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The Outer Ear

Hearing loss is a condition that can be caused by basically anything that completely blocks the outer canal of the ear. The blockage may be caused by earwax as well. There are also other types of blockage which decrease the volume but cause no distortion and those may include injuries, foreign bodies in the ear, infections with swelling, birth defects, and perhaps a growth in the ear canal. All of these ailments do not interfere with sound conduction and are usually correctable.

The Middle Ear

Numerous ear infections characterized by swollen middle ear lining and fluid accumulation are a common cause of temporary hearing loss. The fluids affect the proper functioning of the ossicles and the eardrum. The treatment usually involves antibiotics and sometimes drainage may be required. If not treated on time, it may lead to permanent hearing loss. Glue ear is a condition that requires drainage for the hearing loss to be removed instantly. The condition is caused by improper functioning of the Eustachian tube which balances the pressure of the ears. As the ailment progresses the air gets trapped in the middle ear, a vacuum develops and then the fluids seep out from the lining of the inner ear and because of them hearing loss occurs. Sometimes the condition resolves on its own but one can use decongestants if need be. Otosclerosis is a condition in which a new bone is deposited around the footplate of the stapes bone which leads to disturbances in bone transmission of sound to the inner ear and hearing loss. This condition needs to be treated by a surgical process called stapedectomy. Persons can also have numerous birth defects which lead to hearing loss. Benign and malignant tumors can also be the cause of hearing loss. Cholesteatoma is a common benign cyst usually associated with different types of ear infections and it requires surgery.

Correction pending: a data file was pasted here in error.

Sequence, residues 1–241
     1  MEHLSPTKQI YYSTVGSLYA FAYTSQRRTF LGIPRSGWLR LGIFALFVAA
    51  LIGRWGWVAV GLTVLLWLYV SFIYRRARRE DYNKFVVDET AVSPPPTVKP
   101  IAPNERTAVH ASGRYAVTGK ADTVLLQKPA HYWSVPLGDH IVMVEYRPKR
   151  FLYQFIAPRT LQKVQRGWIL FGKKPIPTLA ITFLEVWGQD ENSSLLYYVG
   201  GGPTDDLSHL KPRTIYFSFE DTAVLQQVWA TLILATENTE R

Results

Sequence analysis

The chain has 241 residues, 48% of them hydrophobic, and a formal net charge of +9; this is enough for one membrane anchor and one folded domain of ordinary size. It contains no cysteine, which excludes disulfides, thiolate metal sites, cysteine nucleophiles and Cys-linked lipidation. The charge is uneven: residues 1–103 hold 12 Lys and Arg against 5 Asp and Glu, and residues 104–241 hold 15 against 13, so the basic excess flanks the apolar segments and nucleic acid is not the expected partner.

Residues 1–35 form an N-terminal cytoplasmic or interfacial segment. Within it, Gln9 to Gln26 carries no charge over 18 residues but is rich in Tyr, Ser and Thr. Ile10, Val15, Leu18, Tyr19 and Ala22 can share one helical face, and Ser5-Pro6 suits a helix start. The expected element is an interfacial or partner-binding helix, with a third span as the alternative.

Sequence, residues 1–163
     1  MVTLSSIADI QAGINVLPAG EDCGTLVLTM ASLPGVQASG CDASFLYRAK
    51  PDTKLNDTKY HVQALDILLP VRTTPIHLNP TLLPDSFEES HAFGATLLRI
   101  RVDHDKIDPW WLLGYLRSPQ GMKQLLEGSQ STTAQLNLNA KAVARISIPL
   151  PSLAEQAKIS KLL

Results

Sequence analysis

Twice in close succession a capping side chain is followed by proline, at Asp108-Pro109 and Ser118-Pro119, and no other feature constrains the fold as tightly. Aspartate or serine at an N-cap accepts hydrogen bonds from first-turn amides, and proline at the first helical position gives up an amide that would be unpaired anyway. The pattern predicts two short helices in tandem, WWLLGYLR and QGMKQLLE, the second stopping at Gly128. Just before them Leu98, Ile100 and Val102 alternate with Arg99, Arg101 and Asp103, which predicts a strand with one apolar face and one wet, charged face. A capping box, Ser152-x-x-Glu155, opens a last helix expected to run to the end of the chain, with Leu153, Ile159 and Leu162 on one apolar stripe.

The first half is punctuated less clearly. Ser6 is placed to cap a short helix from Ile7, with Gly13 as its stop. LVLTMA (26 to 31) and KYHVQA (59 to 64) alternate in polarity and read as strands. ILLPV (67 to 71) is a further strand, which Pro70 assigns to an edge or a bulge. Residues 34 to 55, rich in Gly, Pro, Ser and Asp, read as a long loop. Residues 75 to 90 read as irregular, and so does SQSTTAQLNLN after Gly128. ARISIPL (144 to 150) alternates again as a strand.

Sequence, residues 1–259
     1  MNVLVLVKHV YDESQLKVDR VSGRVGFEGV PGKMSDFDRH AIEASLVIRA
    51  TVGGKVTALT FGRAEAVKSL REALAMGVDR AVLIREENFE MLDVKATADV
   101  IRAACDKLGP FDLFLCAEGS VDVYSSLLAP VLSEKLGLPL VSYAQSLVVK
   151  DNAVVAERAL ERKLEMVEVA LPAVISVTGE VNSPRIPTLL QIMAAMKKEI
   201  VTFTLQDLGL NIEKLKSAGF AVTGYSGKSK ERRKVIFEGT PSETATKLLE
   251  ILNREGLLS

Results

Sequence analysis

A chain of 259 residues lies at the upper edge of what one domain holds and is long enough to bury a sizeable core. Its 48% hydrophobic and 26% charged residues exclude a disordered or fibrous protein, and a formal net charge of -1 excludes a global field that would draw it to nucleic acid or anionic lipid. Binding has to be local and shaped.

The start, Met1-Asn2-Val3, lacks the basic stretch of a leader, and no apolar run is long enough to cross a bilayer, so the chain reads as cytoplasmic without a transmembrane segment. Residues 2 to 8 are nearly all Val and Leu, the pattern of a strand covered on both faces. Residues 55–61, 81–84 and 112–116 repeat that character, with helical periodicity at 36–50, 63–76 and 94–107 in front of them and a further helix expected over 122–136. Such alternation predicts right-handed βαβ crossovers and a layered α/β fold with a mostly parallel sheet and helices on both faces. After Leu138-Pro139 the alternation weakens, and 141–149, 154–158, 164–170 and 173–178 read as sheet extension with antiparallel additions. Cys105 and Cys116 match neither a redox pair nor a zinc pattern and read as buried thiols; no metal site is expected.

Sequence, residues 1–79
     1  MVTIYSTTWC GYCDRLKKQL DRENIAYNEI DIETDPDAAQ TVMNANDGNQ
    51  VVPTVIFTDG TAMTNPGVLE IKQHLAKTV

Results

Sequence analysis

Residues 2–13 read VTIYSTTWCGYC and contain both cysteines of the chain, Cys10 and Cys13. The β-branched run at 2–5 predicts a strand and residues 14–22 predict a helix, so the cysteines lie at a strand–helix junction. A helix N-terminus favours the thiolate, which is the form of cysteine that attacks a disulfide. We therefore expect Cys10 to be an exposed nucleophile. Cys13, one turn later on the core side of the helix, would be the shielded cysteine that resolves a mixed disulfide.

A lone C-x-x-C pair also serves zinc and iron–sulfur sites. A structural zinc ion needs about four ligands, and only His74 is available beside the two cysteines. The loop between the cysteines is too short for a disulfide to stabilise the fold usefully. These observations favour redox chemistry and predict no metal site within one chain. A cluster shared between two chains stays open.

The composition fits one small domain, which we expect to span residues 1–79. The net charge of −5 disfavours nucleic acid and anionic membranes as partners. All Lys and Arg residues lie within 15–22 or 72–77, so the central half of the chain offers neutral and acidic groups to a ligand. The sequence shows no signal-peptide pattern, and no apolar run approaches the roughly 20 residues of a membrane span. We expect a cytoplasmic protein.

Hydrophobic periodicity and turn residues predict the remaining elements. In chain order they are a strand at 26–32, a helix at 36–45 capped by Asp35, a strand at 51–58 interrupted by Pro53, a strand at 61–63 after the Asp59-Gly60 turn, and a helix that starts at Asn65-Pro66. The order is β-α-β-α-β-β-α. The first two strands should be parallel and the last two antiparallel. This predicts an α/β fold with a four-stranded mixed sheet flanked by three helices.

The Inner Ear

The aforementioned condition called otosclerosis can also cause hearing loss by affecting the cochlea which is located in the inner ear. The process of aging is responsible for destroying the hearing nerve and the inner ear which over time leads to sensorineural hearing loss. Fistula that connects the middle ear and inner ear in an abnormal manner can also be the cause of hearing loss. Head injuries can also lead to hearing loss. Another cause of hearing loss may lie in the Meniere’s syndrome which is a condition in which the hearing loss fluctuates. Other causes include excessive exposure to noise, different types of infections, neural problems and sudden deafness.

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